CURC’s submission on private pension plans


The Congress of Union Retirees represents through its individual and affiliated members over 500,000 retired union members. Many worked in the federal sector. But the pensions of all our members are affected by what the federal jurisdiction does as was clearly shown in the report of the Arthurs Commission in Ontario.

Minister Flaherty in announcing these consultations said, “Many Canadians are concerned about the long term viability of their pension plans. The Government wants to hear people’s views on how we can strengthen the security of pension plan benefits and ensure that the framework is balanced and appropriate.”

The Congress of Union Retirees shares these concerns. We believes this review is timely in light of several provincial reports that have come out – especially the Arthurs report – and with the increasing evidence that many will not receive the pension that they once thought they would due to the economic downturn.

We retirees do have concerns obviously about our own pensions but equally we have a concern about what will happen to our children and grandchildren. We believe that these consultations should seek to address not only the immediate short term problems, important as these are, but also recommend steps to address long term issues.

We start with the very strong belief that we hope that your review shares – namely that workers when they retire should not be reduced to poverty or having to sue their children for support. Seniors have been faced with these unpalatable options in past Canadian history.

Even as recently as 50 years ago, to be old was synonymous with being poor. Thanks largely to a series of public programs – Old Age Security, Guaranteed Income Supplement and Canada / Quebec Pension Plans -the rate of poverty among seniors was reduced. This is an accomplishment Canada should be proud of and should build on.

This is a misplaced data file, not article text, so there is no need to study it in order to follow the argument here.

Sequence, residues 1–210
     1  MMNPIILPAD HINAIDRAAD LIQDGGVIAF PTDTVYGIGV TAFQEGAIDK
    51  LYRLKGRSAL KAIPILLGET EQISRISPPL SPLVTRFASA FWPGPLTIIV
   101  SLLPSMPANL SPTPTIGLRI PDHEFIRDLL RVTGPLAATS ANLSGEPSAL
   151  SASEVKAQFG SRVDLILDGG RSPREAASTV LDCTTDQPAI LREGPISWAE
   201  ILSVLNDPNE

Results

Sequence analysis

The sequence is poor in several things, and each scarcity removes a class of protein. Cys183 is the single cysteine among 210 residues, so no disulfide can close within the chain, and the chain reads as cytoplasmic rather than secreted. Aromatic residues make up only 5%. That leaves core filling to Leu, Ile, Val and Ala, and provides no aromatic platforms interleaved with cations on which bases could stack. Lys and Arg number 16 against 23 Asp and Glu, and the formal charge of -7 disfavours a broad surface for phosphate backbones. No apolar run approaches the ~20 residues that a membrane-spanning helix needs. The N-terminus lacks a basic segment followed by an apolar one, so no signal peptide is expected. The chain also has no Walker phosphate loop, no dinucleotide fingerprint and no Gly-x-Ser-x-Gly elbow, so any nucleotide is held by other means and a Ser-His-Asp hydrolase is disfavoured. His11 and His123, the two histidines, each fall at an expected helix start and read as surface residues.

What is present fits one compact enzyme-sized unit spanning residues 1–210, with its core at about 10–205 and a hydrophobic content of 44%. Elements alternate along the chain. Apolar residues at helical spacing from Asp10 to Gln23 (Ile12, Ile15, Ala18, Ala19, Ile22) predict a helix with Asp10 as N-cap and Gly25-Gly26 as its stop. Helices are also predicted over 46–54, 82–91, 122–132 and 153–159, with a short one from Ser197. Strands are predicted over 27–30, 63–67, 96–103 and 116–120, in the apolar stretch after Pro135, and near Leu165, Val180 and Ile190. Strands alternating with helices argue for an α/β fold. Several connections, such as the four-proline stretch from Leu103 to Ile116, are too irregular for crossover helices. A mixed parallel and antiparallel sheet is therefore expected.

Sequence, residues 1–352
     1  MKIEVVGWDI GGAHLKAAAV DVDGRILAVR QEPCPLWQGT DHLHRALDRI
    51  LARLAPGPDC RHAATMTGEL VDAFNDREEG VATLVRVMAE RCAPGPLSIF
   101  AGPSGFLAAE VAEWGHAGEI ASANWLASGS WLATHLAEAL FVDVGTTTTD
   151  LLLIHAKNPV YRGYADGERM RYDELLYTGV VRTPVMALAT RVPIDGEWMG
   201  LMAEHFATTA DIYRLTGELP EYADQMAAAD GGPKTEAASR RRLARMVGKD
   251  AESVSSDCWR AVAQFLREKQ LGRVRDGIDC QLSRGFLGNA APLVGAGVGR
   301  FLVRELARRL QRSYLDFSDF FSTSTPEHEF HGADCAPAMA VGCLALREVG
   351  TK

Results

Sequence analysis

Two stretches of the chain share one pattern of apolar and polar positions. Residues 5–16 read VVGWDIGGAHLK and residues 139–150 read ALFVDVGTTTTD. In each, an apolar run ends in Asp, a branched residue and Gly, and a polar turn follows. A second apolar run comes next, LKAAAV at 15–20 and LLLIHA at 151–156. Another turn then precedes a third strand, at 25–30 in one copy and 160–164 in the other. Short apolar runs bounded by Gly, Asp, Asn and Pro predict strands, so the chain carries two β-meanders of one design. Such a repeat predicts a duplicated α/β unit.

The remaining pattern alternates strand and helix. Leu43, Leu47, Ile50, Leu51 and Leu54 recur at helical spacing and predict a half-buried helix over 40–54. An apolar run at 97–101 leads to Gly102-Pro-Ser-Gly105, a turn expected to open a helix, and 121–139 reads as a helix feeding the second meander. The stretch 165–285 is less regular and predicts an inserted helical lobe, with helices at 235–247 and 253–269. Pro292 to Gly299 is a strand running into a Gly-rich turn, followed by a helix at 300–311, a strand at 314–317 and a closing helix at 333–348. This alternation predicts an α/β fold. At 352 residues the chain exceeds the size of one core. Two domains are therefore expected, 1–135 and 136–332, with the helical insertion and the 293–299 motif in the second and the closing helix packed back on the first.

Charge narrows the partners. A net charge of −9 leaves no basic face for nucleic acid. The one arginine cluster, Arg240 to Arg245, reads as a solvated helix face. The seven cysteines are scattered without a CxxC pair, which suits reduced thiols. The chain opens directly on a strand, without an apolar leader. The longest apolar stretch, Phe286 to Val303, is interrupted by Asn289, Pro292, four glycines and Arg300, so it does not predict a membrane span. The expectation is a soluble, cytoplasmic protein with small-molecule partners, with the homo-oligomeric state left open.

Workplace pension plans, especially the defined benefit ones, have been essential to assist retirees in being able to maintain a reasonable standard of living when they retire. Encouraging such plans is an important policy objective as the Arthurs report clearly showed.

The threats posed to the pensions in the auto sector have caught everyone’s attention but the pensions negotiated by many workers beyond this sector have been affected by the bankruptcy of their employer. The consultation paper raises a number of options to lessen immediate financial burden on firms whose pension funds are underfunded. While we acknowledge that this adjustment could be warranted in specific cases, we do not believe that there should be a general relaxing of requirements. It should be done only on a case by case basis in a transparent manner.

The tale of GM is a cautionary one in this respect. In the last major downturn in the 1990’s, it was given this type of relief which continued even after the recession was over. The result is that today its pension fund is seriously underfunded.

We stress again that any such relief should not only be temporary but it also must be done transparently with both active and retired plan members being consulted on the changes sought.

The Ontario government does operate a Pension Guarantee Fund that guarantees up to¬†$1,000 a month to those who lose their pension through their firm’s bankruptcy. The Arthurs report recommended that this amount be increased to $ 2,500 to reflect inflation since the limit was first introduced. We very much support this recommendation and believe that it is time to having a similar plan at the federal level.

The objection may be that the Ontario plan even at current benefit levels is one or two major bankruptcies away from being bankrupt itself. Secondly, since such a fund is based on contributions by firms, there would be objections to the added cost in this economic climate. We believe that in these economic times the government must take action to set up such a fund. Yes it may cost money in the short run just as other necessary measures taken at this time do but we believe such a fund is merited to support people who face a threat in loss of income that they thought was guaranteed for no fault of their own.

But a pension guarantee fund is only an answer for short run problems that may exist. We need to think about the long term. That is best done through expanding the Canada and Quebec Pension Plans from its current 25% of average industrial wage to 50% of the average over 10 year period.